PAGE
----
As a Democrat, I find myself in the unprecedented position of defending Rep. Peter King (R-Seaford), a politician far to my right on almost all issues.
A few nights ago, I heard WABC-radio conservative flamethrower Mark Levin call King "a quisling" for not marching in lockstep with the tea party faction of his party ["Don't repeat shutdown crisis," Editorial, Oct. 18]. Levin questioned the propriety of linking funding of the U.S. government with undermining the duly enacted and judicially upheld Affordable Care Act.
Vidkun Quisling was an infamous Norwegian World War II collaborator with the Nazis, an executed traitor whose name is the European equivalent of Benedict Arnold. Peter King a quisling? Seriously? Is this what political dialogue has sunk to in this country? The answer is yes, until the intended audience for such vicious nonsense repudiates it.
Zachary Murdock, Cold Spring Harbor
Clever reminder of screen obsession
Thank you for bringing to light the fact that we are spending way too much time looking at TV and other video screens and not getting outside enough.
The "Flora and Fauna Quiz" comic by Hilary B. Price ["Rhymes With Orange," Comics, Oct. 13] showed common plants and birds of our area with some common logos like the NBC peacock and the Apple computer insignia.
I wonder how many kids figured out the difference between a goldfinch and Twitter's bird logo.
Dan Stahl, Northport
Little criticism of Democrats
I agree with Ellis Henican's column that the voters keep rewarding inept politicians by re-electing them ["We continue to re-elect them," News, Oct. 13].
He then says that "with tea party fervor," 90 percent of the incumbents in the House of Representatives won re-election. However, as Henican notes, the Senate, run by Democrats, had a higher re-election rate of 91 percent. But he makes no derogatory comments about them. He then depicts Sen. Ted Cruz (R-Texas) as the enemy, but there's no mention of Sen. Harry Reid (D-Nev.). A little bias, no doubt.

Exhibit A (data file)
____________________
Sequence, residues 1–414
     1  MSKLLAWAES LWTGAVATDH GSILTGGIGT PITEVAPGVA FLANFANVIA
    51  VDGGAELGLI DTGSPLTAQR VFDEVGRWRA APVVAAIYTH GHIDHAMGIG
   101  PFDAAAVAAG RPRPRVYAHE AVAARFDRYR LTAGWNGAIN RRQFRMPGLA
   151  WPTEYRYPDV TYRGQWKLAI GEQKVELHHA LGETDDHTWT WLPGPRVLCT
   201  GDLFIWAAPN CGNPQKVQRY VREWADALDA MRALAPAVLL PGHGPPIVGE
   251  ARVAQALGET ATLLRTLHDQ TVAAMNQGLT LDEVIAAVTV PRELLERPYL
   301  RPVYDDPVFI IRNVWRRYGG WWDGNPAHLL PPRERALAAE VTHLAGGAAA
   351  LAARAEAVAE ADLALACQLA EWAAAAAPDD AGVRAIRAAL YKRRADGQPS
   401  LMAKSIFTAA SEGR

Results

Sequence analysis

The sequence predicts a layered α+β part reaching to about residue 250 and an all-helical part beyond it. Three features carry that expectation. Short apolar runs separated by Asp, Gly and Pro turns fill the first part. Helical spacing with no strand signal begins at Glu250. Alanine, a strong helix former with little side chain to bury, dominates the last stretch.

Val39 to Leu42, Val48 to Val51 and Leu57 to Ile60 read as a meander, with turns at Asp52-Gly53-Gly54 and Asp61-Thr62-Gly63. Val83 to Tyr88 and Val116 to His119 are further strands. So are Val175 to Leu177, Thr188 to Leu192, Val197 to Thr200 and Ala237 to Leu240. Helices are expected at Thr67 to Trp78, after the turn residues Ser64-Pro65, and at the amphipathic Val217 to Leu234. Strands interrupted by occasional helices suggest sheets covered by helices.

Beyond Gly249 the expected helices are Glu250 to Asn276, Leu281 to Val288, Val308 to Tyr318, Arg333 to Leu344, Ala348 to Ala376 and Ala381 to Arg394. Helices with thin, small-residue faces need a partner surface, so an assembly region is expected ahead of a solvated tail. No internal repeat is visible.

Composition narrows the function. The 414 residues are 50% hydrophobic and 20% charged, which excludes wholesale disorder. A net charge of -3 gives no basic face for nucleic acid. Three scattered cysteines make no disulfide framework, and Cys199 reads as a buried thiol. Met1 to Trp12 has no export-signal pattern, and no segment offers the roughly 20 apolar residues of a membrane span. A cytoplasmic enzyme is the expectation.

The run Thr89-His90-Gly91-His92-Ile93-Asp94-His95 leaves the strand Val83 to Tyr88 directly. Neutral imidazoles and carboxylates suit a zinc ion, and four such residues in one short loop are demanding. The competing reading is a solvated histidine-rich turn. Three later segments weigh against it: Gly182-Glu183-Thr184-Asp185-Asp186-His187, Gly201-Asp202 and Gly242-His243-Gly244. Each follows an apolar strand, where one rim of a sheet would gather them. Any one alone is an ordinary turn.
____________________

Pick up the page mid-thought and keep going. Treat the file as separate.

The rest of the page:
Glen Cove probe unfair to teachers
Newsday has reported details of an ongoing investigation of Glen Cove elementary school teachers accused of mishandling test administration in June 2012 ["Use scandal to fix testing," Editorial, Sept. 30].
We are appalled that a confidential investigation was leaked to the press. This publicity damaged not only our district, but also the individual teachers, whether or not their names were published.
The investigation of "cheating" began as a result of a complaint from parents of a middle school child whose academic support service was removed because his or her standardized test score was too high. The parents claimed that the child received help.
Somehow the investigation expanded to include all personnel involved with fifth-grade students. The regular teachers are alone with their students during testing. Responses of 10-year-old children who were questioned seven, eight and nine months after the tests raise serious questions about accuracy. How could these children be expected to accurately differentiate between the actual testing date instructions and weeks of pre-testing?.
We are appalled by this McCarthy-style investigation and intimidation.
Leona Del Valle and Barbara Dubin
Editor's note: The writers are retired Glen Cove teachers.